What is normality?


    According to the dictionary, it’s “the state of being usual, typical, or expected.” In cycling we speak often about what is not normal and goes beyond the expectations: we expect the pro riders to put exceptional performances, above the norm of ourselves dilettantes. But did you ever ask what it mean to be a normal cyclist?

    In a way, being a normal cyclist has more to do with the usual joy and challenges of being a cyclist. They can be as diverse as a long Sunday ride, a challenge with some mates, a boundary pushed further, and maybe the goal of racing at an iconic race like the Nove Colli. 


    The riders from the Genesis Cycling Team are no different. They are normal cyclist like you and me – the only thing that Jaunjo rides with one harm and one leg only; Claudia and Joan with a prothesis as a second leg. And they just raced the Nove Colli! We don’t know you, but we would for sure call that exceptional – and yet for them it feels normal. 



    Juanjo Mendez- one of the founder of Genesis Cycling Team

    The Genesis Cycling Team was founded in 2002 by Jaunjo Mendez and is based in Barcelona. He was already a cyclist before his life-changing accident. In 1992, Jaunjo fainted at the helm of his motorcycle, crashing into a car at 100 km/h. The incident led to the amputation of his left arm and leg. It took 54 litres of blood transfusion and four months in a coma, but he survived and after some recovery, once again took to cycling – albeit with an adapted bicycle – thanks to his best friend, and co-founder of the team, Bernat Moreno. 


    18 years after his incident, and Jaunjo won his first rainbow jersey – not what you will call an average cyclist. Now, he dedicates himself to the team, supported by brands like MET Helmets. His aim is to prove that disabilities don’t stop riders from succeeding on the bike, and instead it can be used to heal after traumatic events.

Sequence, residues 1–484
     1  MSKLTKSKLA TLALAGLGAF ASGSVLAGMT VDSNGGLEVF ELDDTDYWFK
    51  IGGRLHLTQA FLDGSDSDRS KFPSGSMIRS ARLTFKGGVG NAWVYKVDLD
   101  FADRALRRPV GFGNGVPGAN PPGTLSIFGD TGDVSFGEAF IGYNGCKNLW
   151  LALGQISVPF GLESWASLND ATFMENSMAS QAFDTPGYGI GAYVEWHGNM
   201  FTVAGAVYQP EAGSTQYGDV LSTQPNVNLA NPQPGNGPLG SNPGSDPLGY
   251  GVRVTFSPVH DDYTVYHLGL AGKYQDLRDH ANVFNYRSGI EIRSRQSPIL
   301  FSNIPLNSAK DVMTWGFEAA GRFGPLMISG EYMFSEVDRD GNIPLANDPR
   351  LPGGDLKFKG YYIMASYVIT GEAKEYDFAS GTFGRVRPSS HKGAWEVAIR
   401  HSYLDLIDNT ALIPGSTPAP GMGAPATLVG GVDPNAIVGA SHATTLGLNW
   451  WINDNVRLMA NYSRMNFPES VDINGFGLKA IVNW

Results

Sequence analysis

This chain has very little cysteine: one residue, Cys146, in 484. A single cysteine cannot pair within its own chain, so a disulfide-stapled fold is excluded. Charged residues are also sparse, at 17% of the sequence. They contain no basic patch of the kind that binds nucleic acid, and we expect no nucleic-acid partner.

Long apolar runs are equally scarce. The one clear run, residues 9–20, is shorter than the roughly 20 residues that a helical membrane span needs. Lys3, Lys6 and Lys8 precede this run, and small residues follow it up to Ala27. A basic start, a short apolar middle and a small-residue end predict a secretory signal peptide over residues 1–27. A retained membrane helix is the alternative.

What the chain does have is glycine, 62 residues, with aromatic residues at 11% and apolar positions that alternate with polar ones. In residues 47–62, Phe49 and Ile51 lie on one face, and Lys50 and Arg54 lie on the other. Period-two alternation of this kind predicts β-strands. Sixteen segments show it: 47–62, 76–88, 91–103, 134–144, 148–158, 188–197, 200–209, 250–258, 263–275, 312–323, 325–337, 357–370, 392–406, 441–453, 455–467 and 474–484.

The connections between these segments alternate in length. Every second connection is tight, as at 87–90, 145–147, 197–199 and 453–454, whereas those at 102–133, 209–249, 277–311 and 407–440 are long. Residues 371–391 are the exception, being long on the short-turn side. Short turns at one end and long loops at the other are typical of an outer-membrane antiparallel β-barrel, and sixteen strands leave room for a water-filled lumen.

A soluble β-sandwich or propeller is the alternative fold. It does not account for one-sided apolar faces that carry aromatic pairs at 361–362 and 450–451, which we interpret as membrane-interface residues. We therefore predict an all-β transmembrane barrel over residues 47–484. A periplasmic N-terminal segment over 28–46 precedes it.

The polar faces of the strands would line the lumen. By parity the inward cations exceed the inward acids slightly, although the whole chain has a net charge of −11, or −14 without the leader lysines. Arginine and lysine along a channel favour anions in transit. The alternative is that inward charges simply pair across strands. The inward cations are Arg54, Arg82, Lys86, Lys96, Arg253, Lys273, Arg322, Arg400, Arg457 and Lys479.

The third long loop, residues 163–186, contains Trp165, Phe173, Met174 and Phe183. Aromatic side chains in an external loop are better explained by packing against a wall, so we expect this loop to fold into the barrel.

Jaunjo explained a bit more about the team:


    “We founded Genesis because Bernat and I discovered that there was no one to help the disabled or people through the sport. We also created the inclusive school. I think it's one of the only ones that is truly inclusive, open to all kind of the people. Sometimes people don't believe that they can ride a bike, or ride a horse, or do any sport, then they see you doing it, they say: wow, I can do it too!"


    Two of these riders are Joan Del Rio and Claudia Grau. Joan Del Rio lost his lower left limb a few years ago after being hit by a truck driver while Rio was on a bike ride. For him the team helped him from the start:


    “Bernat and Juanjo went to visit me when I was at the hospital and the invited me to join them and try to bike again. I had never imagined that I could enjoy what I am enjoying now, despite the accident. Now I don't work and I don't do many other things, but when I go cycling, it allows me to enjoy my day-to-day life a lot.”

    Claudia Grau, on her side, lost her limb due to a medical error and heard about the team online.

    “I discover Genesis Cycling Team thanks to a video of Jaunjo. […] He’s my source of inspiration for everything he represents, beyond what he has achieved. The truth is when you have someone [like him] who is in a worse state than you are, you can’t complain. It has helped me a lot to try everything before saying that I can’t. For me cycling, apart from the freedom, means a lot and I have learned how to suffer and then transfer it to my daily life. So, it’s something that I don’t want to stop feeling.”